have the traditional metal case. I used a coping saw to cut open the the PK's case. It has a solid construction to it.

I looked at the PK Cell batteries because PK Cell makes many of the Lipo batteries we use in other electronics.
You will find many of their Lipos on the Sparkfun and Adafruit webstores, and also Digikey and Mouser.


View attachment 556436 View attachment 556437
Excellent work! For the PK Ultra Alkaline, they advertise that there's an internal steel shell, can you confirm this?

PkCellUltraAlkaline.jpg
 
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FredA

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Explosion-proof? Really? I bet if you charge them hard enough they will grenade.
 

dpower

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If you go read post #74 you will have probably the most basic and pertinent information you need for the 9-volt batteries.
  • First, use a battery that is in the high-amp group and has the 6LR61 stamped on the battery's packaging and casing.
  • The results show that after 14 tests, and 28 "shortings" of each battery in the 6LR61 group, there was substantial voltage and amperage remaining.
  • You just have to keep tabs on the number of times you fired deployment charges; launches and pop tests.
  • Then it comes down to your personal cutoff on the battery's voltage.
Just about every altimeter with deployment controls beeps out the voltage when you first turn it on.
So you will know if you have hit your personal cutoff. Personally I think you could take the voltage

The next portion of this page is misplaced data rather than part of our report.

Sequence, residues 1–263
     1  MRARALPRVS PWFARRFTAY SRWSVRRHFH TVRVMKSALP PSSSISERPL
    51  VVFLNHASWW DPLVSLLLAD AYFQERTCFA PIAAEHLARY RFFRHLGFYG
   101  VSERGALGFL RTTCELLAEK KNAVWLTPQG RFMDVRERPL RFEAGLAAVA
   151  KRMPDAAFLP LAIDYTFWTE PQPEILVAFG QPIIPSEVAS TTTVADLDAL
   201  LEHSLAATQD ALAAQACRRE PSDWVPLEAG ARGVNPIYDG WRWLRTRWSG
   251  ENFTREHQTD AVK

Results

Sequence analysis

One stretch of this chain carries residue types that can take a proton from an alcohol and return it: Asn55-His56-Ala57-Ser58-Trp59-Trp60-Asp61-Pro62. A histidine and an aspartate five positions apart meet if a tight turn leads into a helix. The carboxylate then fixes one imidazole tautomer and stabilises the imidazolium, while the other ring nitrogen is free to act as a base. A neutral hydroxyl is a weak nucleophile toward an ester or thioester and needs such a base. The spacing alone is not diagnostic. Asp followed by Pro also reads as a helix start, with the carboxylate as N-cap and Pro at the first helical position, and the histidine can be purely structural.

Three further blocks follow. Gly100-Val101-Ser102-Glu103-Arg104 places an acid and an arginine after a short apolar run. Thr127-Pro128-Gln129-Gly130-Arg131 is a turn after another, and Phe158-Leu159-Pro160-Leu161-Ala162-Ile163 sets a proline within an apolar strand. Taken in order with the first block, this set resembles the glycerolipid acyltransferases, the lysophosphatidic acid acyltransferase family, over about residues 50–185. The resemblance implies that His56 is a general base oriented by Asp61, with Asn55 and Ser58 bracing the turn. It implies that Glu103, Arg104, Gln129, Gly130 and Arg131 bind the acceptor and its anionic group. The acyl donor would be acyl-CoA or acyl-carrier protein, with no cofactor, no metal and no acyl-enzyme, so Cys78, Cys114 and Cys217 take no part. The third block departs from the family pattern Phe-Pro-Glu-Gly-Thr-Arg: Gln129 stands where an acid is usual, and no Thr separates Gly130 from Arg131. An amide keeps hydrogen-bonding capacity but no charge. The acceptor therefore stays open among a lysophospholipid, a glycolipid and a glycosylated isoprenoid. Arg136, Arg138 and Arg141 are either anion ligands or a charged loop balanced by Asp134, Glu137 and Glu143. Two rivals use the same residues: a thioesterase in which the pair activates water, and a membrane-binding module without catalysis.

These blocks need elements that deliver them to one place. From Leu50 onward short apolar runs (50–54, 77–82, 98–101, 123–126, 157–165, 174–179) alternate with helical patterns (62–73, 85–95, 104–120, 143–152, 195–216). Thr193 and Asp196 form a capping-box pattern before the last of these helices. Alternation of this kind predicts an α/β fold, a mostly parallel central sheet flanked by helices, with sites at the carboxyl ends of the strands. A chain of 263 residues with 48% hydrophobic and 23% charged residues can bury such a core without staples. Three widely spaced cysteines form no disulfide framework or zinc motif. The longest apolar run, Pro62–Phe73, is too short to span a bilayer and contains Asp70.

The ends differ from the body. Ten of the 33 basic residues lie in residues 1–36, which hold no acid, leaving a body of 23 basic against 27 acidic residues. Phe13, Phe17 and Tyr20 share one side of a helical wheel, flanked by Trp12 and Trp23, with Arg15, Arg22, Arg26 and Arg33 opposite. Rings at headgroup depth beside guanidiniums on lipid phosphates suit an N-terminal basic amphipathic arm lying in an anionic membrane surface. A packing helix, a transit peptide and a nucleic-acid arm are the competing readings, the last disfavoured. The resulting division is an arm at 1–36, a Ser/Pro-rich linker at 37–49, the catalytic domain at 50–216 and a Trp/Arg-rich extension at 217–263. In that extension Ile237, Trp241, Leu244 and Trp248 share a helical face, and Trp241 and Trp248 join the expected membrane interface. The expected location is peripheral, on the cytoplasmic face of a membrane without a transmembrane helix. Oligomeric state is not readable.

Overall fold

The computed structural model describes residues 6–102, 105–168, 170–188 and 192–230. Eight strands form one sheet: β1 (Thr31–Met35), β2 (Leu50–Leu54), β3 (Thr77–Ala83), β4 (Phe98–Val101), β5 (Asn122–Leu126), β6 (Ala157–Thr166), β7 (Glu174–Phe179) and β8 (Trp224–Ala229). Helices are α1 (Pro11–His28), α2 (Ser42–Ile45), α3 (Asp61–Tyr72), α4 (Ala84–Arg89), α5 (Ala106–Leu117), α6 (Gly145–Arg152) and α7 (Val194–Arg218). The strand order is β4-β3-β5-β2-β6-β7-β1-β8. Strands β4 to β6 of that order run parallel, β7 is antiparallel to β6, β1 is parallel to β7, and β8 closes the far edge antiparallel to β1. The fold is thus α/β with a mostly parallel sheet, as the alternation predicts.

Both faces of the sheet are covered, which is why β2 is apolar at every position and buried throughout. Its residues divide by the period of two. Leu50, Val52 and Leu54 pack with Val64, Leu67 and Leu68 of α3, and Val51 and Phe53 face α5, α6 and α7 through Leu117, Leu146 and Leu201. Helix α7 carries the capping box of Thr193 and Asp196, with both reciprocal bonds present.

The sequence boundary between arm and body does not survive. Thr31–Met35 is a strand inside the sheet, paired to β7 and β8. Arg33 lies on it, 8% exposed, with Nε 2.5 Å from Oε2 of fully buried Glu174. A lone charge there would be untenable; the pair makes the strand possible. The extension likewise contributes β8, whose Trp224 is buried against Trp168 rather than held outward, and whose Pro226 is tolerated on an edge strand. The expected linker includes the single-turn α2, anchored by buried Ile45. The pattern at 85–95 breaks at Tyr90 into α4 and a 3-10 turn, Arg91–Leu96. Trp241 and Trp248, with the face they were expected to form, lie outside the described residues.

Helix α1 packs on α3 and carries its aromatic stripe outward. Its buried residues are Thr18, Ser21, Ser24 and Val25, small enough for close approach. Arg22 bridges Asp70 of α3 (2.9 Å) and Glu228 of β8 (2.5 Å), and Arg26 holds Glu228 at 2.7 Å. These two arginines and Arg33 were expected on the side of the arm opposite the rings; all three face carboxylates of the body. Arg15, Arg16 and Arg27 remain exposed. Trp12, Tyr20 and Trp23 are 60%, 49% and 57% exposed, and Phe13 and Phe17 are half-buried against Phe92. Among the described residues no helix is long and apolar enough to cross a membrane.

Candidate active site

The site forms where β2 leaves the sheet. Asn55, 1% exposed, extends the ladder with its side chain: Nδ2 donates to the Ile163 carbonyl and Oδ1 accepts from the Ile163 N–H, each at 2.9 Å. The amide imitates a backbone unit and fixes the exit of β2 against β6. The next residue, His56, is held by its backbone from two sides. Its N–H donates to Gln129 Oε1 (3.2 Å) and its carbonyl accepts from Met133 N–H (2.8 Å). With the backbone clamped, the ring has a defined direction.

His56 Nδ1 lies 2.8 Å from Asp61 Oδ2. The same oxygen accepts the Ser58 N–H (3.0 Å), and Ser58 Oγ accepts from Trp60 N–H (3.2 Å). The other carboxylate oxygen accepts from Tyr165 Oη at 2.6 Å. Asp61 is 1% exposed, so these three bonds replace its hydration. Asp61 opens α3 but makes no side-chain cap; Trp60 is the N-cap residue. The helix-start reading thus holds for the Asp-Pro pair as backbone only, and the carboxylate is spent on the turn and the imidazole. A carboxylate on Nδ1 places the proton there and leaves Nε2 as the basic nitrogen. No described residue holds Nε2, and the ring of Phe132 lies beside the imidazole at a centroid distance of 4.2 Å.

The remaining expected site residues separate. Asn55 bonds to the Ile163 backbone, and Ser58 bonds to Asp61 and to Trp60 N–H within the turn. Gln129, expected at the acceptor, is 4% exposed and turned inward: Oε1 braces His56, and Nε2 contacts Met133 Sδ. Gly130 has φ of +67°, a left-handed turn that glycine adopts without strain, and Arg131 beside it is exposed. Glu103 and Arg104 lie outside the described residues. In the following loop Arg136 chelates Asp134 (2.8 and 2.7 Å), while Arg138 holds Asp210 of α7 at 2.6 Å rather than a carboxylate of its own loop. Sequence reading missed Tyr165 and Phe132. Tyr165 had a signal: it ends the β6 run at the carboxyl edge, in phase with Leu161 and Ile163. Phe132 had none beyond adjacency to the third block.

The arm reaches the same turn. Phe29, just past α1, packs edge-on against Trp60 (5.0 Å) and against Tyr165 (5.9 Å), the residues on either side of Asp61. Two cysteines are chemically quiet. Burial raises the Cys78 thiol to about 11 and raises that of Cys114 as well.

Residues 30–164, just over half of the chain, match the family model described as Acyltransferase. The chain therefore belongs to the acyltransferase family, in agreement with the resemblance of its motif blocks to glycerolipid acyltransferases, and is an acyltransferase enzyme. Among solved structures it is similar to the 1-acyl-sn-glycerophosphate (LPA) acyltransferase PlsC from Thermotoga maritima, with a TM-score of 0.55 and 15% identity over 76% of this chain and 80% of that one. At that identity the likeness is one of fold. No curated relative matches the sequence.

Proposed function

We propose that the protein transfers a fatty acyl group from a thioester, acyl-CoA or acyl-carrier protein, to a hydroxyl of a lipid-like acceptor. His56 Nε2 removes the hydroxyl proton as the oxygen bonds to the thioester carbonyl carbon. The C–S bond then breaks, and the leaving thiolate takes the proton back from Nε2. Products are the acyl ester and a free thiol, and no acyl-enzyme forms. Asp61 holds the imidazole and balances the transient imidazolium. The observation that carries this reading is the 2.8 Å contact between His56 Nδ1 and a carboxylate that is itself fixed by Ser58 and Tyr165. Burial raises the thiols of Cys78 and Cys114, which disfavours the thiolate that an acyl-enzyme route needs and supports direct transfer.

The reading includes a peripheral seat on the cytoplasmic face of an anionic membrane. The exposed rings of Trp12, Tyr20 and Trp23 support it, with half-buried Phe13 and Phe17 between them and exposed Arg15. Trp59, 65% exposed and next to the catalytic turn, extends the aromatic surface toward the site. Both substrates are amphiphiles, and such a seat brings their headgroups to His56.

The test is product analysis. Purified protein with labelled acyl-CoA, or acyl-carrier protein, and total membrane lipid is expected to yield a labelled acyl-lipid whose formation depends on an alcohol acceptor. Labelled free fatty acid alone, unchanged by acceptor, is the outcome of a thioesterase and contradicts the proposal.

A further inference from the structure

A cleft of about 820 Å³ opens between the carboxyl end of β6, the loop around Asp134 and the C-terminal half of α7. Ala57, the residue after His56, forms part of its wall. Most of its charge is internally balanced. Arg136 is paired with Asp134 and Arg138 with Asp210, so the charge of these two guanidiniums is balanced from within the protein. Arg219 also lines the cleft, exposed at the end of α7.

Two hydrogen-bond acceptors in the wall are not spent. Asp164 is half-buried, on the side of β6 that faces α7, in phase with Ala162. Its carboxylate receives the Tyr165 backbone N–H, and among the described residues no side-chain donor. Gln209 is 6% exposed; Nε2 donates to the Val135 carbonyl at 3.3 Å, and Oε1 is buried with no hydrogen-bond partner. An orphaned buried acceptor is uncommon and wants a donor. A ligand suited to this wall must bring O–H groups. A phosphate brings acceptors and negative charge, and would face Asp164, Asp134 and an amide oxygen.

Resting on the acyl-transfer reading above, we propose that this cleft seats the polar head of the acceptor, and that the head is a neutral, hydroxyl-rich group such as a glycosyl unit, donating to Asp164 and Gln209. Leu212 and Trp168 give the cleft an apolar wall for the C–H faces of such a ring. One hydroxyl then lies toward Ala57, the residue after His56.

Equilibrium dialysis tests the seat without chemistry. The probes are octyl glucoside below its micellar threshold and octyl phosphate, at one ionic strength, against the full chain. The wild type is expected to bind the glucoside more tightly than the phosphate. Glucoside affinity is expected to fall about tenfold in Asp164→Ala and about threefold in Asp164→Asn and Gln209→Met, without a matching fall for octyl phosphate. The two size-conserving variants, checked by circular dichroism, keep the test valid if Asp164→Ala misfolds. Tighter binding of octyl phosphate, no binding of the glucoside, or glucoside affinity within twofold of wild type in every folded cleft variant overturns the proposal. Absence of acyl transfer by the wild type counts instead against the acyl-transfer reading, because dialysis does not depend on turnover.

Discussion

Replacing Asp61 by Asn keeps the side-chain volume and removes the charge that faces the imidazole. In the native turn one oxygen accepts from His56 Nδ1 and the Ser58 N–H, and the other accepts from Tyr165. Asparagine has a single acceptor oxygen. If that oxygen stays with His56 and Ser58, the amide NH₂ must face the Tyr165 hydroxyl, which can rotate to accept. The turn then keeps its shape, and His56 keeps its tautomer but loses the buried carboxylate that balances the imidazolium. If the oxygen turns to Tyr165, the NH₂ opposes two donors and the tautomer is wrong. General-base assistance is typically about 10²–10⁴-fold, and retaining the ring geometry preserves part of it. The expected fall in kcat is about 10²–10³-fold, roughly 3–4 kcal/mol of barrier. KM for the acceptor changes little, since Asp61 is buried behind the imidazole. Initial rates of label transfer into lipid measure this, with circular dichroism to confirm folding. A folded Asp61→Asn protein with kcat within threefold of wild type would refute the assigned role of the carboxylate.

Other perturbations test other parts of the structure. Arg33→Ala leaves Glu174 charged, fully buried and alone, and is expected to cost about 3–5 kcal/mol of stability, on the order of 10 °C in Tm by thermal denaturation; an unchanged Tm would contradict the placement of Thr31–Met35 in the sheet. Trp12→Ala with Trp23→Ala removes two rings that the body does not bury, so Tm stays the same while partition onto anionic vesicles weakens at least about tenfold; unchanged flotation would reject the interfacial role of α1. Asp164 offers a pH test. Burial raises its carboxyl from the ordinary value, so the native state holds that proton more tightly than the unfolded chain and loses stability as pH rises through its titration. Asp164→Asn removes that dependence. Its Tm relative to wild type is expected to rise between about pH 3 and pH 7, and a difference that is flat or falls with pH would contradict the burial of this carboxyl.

to as low as 8 volts. But it all starts with a quality battery.
Well, I learned something today. The 6LR61 refers to a set of (6) LR61 batteries. Cool, and thanks for your effort!
 

QFactor

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Here is the full tear down of the PK Cell Ultra Alkaline. No steel shell. The case label is just an adhesive wrap.

It has a very durable plastic casing. Took some work to crack it open.

I don't think I found any real "truthful" advertising for any of the batteries.

The industry codes are the key to the battery selection.

IMG_6927.JPG IMG_6931.JPG

IMG_6932.JPG IMG_6935.JPG IMG_6941.JPG IMG_6945.JPG IMG_6947.JPG IMG_6951.JPG
 

Rocketjunkie

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I ordered 24 Amazon Basic 9V batteries for $28 and free shipping. Got them today. They do only have a 5 year shelf life guarantee. Tested at 7A best of any. Repeated about 2 sec shorts. Still provided 7A even when open cell was 8.9V, just not as long to get to 6A. Tear down showed 6 AAAA cells, even had the polarity marked :)
Amazon 9V 1.jpg Amazon 9V 2.jpg Amazon 9V 3.jpg Amazon 9V 4.jpg
 
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QFactor

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I ordered 24 Amazon Basic 9V batteries for $28 and free shipping. Got them today. They do only have a 5 year shelf life guarantee. Tested at 7A best of any. Repeated about 2 sec shorts. Still provided 7A even when open cell was 8.9V, just not as long to get to 6A. Tear down showed 6 AAAA cells, even had the polarity marked :)
View attachment 560019 View attachment 560020 View attachment 560021 View attachment 560022


(sell them for $2 a battery at your next launch event . . . )